Though red and white wines are the result of the fermentation
of sugar in a wine grape, the processes only parallel each other
to a certain point. As well, a traditional Rose from let's say the
south of France is a blend of red and white wine, a Rose like "white"
Zinfandel is actually a red grape vinted like a white wine. Below
are the basic processes of making both red and white wine.
The juice of most red
grapes is white. Only by coming in contact with the skins can it
change color. Otherwise it will come out like a white wine. In making
red wine, grapes are passed through a "crusher," a machine
that de-stems the grapes and cracks their skins to allow the pulp
to come in contact with the yeast. At this stage, the combination
of skins, seeds, pulp and juice is called "must." The
must is then placed in a temperature-controlled fermenting tank
where either a commercial yeast is added or the natural yeast is
allowed to start fermentation. The pulp of the grape must stay in
contact with the skins in order for it to pick up color.
When fermentation is completed the liquid is now technically
wine. The mass of skins and seeds, called "lees," settles
to the bottom of the fermenter. The clear wine above the lees is
then drawn from the fermenting tank until all of the clear wine
has been removed and only the lees and pulp remain at the bottom.
This is called racking and is how most red wines are clarified before
bottling. The wine may be further clarified by passing it through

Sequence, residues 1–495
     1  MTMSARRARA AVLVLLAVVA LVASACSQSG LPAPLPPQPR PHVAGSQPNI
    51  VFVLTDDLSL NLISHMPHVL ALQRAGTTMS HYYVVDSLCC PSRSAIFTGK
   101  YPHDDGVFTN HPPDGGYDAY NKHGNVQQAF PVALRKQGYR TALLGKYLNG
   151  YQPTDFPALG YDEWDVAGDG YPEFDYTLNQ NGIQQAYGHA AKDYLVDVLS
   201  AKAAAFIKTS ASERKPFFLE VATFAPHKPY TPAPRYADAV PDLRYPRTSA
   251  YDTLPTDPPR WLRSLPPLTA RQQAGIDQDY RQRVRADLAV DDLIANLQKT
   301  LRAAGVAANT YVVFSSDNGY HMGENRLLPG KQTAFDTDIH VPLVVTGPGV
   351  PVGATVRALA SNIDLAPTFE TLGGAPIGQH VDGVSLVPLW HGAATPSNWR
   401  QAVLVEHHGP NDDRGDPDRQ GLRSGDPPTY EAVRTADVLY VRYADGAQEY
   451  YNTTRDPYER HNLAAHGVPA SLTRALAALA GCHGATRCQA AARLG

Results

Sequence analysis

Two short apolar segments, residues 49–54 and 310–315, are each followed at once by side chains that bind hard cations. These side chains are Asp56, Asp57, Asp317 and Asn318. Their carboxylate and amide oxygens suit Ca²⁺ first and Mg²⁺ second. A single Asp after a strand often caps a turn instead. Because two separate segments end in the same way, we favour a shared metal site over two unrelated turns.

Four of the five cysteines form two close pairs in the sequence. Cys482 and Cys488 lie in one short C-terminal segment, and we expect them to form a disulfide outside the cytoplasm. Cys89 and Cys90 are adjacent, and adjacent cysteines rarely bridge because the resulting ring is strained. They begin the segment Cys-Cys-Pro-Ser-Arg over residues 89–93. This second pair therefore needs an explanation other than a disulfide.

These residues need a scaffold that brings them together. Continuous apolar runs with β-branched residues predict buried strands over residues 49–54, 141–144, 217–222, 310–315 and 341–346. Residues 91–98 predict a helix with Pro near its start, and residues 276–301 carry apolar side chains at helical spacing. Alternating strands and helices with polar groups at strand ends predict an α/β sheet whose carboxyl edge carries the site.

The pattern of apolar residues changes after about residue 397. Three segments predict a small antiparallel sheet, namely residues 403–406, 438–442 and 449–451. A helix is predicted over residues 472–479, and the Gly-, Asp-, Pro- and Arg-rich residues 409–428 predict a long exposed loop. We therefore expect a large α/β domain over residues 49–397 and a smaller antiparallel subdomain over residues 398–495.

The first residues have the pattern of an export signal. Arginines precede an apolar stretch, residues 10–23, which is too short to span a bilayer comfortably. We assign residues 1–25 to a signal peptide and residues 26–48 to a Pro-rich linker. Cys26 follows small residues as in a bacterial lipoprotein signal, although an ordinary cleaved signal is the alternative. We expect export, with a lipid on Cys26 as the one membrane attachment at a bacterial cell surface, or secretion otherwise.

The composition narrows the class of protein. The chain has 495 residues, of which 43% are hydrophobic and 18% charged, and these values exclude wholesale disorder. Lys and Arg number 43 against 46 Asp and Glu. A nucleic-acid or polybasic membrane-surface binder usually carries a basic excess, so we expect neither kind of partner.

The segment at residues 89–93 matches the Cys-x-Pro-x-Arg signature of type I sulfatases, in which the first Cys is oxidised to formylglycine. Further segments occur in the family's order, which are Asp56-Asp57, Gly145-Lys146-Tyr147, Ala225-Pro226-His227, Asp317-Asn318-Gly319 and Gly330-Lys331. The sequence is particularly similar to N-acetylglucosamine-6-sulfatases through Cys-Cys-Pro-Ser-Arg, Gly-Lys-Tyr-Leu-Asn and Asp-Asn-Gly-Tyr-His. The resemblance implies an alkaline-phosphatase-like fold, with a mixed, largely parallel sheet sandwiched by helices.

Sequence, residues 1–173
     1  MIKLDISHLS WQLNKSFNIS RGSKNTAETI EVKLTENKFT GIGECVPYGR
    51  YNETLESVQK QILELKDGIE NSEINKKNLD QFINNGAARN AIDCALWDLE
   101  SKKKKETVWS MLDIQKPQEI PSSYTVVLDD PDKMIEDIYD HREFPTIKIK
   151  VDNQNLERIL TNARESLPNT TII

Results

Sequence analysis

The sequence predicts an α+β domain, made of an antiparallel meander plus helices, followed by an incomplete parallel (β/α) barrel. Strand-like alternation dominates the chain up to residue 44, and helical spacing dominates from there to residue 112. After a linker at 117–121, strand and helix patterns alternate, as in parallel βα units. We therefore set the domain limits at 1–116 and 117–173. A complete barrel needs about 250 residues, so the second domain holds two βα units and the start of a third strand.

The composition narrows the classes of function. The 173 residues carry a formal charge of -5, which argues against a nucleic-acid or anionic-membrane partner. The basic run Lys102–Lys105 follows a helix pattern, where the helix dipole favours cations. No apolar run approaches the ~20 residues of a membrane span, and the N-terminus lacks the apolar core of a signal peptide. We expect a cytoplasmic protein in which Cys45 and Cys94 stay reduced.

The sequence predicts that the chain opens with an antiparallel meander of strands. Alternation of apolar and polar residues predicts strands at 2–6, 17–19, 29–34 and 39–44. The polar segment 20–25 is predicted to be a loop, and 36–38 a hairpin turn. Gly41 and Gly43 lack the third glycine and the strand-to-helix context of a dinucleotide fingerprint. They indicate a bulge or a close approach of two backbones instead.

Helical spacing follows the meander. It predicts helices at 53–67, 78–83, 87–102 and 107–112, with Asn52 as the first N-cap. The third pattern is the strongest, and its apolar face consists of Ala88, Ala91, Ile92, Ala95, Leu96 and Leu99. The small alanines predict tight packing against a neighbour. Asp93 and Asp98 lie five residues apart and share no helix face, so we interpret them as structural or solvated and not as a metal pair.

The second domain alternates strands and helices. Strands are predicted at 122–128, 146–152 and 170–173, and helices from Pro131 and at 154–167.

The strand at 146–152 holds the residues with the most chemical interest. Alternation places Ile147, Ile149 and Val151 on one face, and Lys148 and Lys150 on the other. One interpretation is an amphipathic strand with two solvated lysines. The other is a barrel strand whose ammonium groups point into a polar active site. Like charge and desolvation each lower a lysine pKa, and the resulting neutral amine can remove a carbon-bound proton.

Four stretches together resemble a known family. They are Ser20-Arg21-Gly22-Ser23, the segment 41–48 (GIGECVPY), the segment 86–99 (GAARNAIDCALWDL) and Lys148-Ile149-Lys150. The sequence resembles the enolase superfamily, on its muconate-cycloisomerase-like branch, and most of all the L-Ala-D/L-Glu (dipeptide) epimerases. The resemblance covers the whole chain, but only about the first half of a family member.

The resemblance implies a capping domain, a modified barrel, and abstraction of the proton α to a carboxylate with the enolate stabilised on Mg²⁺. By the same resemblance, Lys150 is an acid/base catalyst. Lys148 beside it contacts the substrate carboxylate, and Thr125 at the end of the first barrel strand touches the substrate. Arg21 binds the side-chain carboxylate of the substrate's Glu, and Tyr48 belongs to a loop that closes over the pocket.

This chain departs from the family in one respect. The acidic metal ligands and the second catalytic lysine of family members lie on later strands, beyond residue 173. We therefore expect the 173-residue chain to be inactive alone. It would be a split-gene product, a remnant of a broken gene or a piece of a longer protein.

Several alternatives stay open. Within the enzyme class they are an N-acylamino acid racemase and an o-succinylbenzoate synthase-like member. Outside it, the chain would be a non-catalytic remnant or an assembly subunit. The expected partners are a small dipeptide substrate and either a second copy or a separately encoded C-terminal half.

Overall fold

a filter or by use of a fining agent such as beaten egg whites.
Egg whites, being positively charged, attract the free-floating
sediment, which is negatively charged, and together fall to the
bottom of the tank or barrel. The wine must still be racked to a
clean barrel or tank in order to keep it clear. This is the gentlest
technique with regard to not removing any of the flavors of the
wine, just the solid particles, which can taste bitter and astringent.
If the intent is to process the wine as little as possible, regardless
of any sediment that may occur in the bottle, it won't be filtered
or fined. It is then aged, either in stainless steel tanks or small
or large oak barrels. Wines such as these are made to age over many
years, even decades. Within even 4 or 5 years of the vintage the
tiny pieces of pulp that were pulverized during fermentation begin
to attract each other to form sediment in the bottle. Unlike tartrate
crystals (explained below), however, sediment tastes awful and must
be removed by decanting or very careful pouring.
At this stage there are hundreds, maybe even thousands of choices
for the winemaker. What kind of barrels do we age in? How
old should they be? For how long? Most red wines go
through another, different type of fermentation called malolactic.
Instead of yeast interacting with sugar and creating alcohol and
carbon dioxide (CO2) by-products, a bacterial culture attacks
the harsh malic acid in the wine (the same acid as on the inside
of green apple skin) and converts it to lactic acid (the same as
lactose in milk). This lowers the wine's overall acidity and makes
it a little smoother and easier to taste. Malolactic (ML) can occur
normally or can be induced with natural cultures.
When ready (a matter of months or years depending on the winemaker's
desire), the wine is bottled and aged further before release. Aging
in the bottle develops what is called "bottle bouquet,"
the final melding of the grape flavors mixed with the processing
White wines are